Trade wars: when booze gets banned

Cuba libre!

The overthrow of Cuban dictator Fulgencio Batista may have inspired one of the most pop-art friendly revolutions of the 20th century but it also pitted the newly socialist Caribbean island on a political and ideological collision course with its larger neighbour – the US.

Throughout the 1940s and ‘50s, before Fidel Castro’s overthrow of Batista’s regime, Cuba had been the playground of the Caribbean, a place of gambling, cheap booze, sun, sea and easy sex.

“Havana was then what Las Vegas has become,” as one Cuban-American historian has noted.

American businesses and organised crime had also invested heavily in the country so they were not best pleased when Castro promptly confiscated all private property and nationalised businesses upon seizing power.

The real stinger though was in 1962 when Castro allowed the Soviets to begin building missile stations on the island – silos capable of launching nuclear armed missiles anywhere in the United States.

What followed was the famously tense Cuban Missile Crisis that took the world to the brink of a nuclear holocaust.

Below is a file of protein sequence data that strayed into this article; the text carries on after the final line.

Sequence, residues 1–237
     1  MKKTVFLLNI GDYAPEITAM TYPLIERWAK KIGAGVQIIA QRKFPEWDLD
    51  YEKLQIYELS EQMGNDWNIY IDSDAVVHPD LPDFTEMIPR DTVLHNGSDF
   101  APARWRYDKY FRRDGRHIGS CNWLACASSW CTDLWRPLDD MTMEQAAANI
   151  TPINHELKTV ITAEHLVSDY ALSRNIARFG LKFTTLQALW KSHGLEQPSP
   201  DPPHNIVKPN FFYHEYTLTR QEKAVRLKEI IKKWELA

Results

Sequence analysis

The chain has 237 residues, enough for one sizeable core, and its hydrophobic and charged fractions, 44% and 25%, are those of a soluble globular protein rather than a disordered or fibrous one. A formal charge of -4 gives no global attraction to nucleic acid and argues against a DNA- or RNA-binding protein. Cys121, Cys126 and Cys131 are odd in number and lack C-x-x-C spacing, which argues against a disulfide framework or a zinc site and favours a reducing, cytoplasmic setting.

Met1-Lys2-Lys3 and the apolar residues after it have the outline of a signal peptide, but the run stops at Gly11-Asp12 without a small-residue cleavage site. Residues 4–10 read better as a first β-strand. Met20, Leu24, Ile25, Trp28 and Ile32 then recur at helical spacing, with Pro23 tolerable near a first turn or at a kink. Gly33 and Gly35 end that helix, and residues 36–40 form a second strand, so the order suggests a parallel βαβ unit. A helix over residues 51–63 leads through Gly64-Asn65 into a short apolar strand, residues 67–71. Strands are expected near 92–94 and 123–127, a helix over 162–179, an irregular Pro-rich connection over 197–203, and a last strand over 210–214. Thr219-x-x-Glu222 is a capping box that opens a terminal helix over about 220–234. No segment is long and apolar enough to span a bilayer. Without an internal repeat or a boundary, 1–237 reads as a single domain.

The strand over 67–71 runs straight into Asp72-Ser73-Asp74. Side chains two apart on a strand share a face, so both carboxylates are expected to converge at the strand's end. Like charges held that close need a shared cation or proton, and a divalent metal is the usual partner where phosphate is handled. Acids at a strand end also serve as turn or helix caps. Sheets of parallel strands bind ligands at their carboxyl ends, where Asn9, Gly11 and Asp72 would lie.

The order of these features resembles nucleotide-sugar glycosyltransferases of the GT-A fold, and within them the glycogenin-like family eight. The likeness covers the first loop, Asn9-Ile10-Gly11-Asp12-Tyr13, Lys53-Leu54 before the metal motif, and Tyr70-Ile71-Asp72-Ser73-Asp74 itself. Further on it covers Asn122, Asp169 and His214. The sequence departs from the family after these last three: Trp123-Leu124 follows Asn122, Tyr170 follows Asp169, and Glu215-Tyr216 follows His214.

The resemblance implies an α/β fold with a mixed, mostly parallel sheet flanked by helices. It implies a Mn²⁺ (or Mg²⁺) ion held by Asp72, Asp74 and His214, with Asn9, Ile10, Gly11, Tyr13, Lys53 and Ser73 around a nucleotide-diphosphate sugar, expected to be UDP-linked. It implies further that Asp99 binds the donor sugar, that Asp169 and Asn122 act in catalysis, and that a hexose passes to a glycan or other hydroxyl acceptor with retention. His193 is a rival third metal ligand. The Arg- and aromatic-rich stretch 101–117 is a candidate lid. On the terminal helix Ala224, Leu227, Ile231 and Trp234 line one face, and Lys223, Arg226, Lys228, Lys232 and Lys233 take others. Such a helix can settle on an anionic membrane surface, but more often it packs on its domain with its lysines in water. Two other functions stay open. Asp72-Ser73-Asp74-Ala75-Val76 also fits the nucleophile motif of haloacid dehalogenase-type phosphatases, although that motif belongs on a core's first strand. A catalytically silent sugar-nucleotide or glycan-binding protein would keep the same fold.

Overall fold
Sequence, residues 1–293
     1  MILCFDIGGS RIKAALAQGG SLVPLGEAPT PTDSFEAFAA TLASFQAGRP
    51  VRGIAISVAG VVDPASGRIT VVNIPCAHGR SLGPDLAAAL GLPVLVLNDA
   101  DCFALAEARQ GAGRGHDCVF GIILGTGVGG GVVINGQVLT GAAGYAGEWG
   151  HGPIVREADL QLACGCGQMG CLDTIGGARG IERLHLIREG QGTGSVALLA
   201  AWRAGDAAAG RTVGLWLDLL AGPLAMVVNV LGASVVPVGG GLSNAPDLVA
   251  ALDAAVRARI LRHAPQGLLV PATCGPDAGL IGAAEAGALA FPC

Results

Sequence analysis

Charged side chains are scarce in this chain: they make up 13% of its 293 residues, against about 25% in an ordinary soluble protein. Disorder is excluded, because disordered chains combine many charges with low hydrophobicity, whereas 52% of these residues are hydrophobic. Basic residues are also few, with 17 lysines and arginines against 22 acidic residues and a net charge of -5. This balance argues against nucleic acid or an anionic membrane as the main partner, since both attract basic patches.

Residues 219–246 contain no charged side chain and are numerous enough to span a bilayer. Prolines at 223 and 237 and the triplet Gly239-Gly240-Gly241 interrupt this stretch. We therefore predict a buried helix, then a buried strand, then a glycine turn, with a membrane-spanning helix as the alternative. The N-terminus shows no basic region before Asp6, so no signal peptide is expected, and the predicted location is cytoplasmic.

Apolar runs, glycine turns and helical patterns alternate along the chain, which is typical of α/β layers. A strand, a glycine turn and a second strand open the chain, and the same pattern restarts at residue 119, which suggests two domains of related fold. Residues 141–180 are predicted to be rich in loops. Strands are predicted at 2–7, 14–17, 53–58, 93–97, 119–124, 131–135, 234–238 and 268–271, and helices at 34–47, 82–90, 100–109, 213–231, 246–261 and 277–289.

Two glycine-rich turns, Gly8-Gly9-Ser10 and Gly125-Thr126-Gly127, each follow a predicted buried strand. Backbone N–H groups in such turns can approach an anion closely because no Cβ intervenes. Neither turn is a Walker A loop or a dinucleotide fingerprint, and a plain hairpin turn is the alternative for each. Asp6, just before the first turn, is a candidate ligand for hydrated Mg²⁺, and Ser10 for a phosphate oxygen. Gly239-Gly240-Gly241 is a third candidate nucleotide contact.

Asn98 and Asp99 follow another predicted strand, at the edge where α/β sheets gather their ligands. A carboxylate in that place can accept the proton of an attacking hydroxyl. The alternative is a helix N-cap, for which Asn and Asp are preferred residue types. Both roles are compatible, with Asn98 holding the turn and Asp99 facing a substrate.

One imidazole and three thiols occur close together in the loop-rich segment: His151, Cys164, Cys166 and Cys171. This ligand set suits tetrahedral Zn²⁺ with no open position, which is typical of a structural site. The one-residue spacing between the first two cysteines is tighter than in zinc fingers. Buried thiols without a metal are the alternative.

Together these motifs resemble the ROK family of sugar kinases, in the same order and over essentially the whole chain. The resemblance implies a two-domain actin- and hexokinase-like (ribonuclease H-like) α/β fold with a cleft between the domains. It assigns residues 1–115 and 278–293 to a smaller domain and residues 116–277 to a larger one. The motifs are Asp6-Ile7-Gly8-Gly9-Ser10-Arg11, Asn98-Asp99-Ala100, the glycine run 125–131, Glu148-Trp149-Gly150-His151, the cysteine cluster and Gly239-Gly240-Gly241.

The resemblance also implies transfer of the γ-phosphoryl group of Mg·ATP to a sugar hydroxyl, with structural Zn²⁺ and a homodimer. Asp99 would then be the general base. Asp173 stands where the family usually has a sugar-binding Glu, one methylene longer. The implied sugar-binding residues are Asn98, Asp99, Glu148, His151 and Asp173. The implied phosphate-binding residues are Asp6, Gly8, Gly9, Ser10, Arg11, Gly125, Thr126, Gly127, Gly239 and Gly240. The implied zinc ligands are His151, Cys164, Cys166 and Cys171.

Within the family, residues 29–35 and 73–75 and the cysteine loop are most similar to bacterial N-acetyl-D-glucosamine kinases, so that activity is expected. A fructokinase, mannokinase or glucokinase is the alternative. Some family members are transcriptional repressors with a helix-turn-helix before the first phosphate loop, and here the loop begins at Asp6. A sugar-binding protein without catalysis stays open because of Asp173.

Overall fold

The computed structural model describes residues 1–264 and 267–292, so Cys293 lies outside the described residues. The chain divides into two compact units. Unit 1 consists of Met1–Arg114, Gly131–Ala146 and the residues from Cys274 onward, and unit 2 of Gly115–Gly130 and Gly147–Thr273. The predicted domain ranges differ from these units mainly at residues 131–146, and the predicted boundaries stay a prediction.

Fortunately, while the fallout wasn’t radioactive, it did lead to one of the most famous and long-standing trade embargos history – against Cuban rum and cigars.

For 49 years from 1962 until the ban began to be eased in 2015, real Cuban rum or cigars could not be imported into the US, even if bought in a third country and for personal consumption.

In 2016 – as part of a long-running easing of the various bans and embargoes on Cuban products – the Obama administration announced that there were no longer to be any restrictions on the amount of Cuban-made goods “including alcohol and cigars” that Americans could bring home with them – but still only for personal use.

One Response to “Trade wars: when booze gets banned”

  1. Bourbon saw a growth spurt in the Revolutionary War at the cost of rum.
    Cause: The British blockaded the routes to and fro the Caribbean, so molasses
    and rum could not get to Boston etc.
    Before the war, rum was the favorite tipple of the Americans when it came to liquor.

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